Police forces across the UK are facing increasing cost pressures, with direct government funding having fallen 30% in the last eight years, and are turning to facial recognition as a way to increase efficiency while cutting costs. The Metropolitan Police commissioner Cressida Dick commented recently that facial recognition is “very useful” within law enforcement and that the technology needs to make its way towards public acceptance or Britain risks being “really, really, really left behind”.
 
Jason Tooley, board member of TechUK and chief revenue officer at software company Veridium, believes the police force would further benefit from biometrics by adopting a more holistic, open approach to the technology. It needn’t be the case for the police to scrap facial recognition software entirely, as the issue is more to do with public perception and education than success rate.
 
“Public perception of the maturity of biometrics such as automated facial recognition and their effective usage has strong links back to existing physical processes and public adoption,” said Tooley. “Fingerprint technology has high levels of consumer adoption due to use on mobile devices, and use cases such as airports using flatbed scanners, which is also widely understood and helps immensely with acceptance. There is clearly a need to focus on how biometrics as a whole, as technology matures, can support identity verification at scale and gain nationwide public acceptance as part of a wider digital policing initiative.”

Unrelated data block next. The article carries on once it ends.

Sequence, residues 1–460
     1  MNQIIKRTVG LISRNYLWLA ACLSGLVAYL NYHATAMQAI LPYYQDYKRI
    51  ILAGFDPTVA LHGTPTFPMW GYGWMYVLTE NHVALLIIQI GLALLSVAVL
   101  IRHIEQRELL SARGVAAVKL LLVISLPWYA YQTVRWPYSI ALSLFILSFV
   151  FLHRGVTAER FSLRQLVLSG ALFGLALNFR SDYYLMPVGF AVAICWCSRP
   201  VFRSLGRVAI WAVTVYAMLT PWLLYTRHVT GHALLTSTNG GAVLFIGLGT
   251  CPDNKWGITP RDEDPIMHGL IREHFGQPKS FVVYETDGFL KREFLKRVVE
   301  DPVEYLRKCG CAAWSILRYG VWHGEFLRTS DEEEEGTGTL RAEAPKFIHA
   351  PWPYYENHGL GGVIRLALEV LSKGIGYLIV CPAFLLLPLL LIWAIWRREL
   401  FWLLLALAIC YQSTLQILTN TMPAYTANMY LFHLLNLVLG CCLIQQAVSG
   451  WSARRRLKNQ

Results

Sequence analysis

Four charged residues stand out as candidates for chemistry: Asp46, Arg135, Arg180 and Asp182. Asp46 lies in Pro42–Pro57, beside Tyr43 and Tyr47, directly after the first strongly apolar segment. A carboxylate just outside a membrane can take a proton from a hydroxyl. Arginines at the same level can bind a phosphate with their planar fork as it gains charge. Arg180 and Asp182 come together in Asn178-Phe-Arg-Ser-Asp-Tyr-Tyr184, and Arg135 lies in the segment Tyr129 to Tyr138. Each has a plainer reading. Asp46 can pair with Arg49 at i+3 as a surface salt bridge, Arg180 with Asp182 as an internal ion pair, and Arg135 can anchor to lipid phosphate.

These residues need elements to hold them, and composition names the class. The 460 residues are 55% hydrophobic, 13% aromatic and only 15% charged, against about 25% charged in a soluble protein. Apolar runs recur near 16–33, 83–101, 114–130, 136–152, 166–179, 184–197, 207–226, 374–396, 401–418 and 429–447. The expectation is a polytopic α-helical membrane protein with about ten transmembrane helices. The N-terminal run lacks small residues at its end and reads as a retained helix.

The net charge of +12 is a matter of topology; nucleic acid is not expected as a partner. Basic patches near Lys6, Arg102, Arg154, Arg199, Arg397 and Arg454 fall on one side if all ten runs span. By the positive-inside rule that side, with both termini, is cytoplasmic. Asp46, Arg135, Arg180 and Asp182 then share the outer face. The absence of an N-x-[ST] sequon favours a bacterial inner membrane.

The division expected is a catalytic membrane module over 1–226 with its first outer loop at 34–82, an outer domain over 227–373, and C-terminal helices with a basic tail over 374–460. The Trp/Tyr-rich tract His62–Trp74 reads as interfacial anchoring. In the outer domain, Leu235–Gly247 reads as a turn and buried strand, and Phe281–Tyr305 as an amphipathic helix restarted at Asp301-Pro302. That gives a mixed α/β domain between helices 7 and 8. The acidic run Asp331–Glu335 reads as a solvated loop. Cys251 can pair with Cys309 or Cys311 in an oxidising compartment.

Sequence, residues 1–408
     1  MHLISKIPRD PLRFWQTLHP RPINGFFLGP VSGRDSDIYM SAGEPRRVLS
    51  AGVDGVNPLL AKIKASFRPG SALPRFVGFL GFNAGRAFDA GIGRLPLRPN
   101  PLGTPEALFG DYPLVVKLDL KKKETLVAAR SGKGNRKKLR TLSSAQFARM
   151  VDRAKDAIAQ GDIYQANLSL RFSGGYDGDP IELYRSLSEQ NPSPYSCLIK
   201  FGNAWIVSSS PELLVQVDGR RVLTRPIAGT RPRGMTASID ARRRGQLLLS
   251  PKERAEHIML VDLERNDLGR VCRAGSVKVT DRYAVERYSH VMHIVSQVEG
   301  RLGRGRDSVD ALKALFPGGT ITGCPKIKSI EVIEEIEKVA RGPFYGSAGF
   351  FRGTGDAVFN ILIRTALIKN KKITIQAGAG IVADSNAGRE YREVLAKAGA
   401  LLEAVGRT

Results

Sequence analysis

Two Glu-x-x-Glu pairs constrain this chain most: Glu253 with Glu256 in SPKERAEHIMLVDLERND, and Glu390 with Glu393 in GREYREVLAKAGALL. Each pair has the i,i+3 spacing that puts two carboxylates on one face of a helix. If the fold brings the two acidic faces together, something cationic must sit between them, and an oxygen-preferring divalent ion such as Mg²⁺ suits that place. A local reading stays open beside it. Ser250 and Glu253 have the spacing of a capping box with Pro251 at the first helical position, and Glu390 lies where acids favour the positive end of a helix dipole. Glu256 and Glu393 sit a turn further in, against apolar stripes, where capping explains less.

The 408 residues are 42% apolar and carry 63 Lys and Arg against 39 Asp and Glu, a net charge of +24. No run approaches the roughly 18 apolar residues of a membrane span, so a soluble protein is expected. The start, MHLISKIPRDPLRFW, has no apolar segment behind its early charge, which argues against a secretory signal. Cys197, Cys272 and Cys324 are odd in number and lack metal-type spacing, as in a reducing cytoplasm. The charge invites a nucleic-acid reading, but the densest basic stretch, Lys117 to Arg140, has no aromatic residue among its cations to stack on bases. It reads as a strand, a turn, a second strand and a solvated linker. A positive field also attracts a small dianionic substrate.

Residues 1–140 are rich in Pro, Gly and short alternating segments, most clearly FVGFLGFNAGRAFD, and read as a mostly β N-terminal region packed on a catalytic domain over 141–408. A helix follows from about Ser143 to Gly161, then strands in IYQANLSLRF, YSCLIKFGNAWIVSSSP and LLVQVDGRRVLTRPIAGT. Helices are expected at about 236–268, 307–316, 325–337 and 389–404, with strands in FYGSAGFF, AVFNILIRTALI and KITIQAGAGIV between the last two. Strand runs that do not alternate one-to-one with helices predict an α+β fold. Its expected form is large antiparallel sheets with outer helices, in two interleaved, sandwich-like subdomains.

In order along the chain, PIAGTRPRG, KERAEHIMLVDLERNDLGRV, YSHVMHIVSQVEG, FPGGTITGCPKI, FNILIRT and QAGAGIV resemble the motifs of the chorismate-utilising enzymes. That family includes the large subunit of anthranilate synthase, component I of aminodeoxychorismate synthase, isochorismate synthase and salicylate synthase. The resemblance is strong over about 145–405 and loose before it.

He said it was imperative for police forces to take a strategic approach as they trial biometric technologies, and not solely focus on a single biometric approach.
 
“This open multifactor approach will strengthen evidence and decrease the risk of wrongful arrests,” he said. “This should alleviate human rights concerns, but the public need to be reassured that the technology is assisting in crime solving and not just merely being used as surveillance.”
 
With the rapid rate of innovation in the field, an open biometric strategy that delivers the ability for the police to use the right biometric techniques for the right requirements could accelerate the benefits associated with digital policing and achieve public acceptance by linking the strategy to ease of adoption.
 
“Instead of only using facial recognition perhaps for a single reason, the police should ensure they have strategically assessed which is the right biometric technique, for the right use case, based on the scenario,” said Tooley.
 
Another issue that has come to the fore, since the revelation that facial recognition as a standalone piece of evidence only correctly identified one in five suspects, is the high levels of customer expectations on the technology’s effectiveness.
 
“The public expectation is that results should be 100% accurate, as they are used to facial recognition technology on their phones and at airports for which the results are generally good,” said Tooley. “The public expectation of facial recognition for surveillance being as high as their other experiences in use of facial is unrealistic. Fingerprint is more successful and is migration of a physical to digital process, but requires a comparison versus existing data and is a one-to-one exercise. Police in other countries are using this approach successfully; the key is to digitalise the process using technology already embraced by consumers, making the application simpler and easier to use.”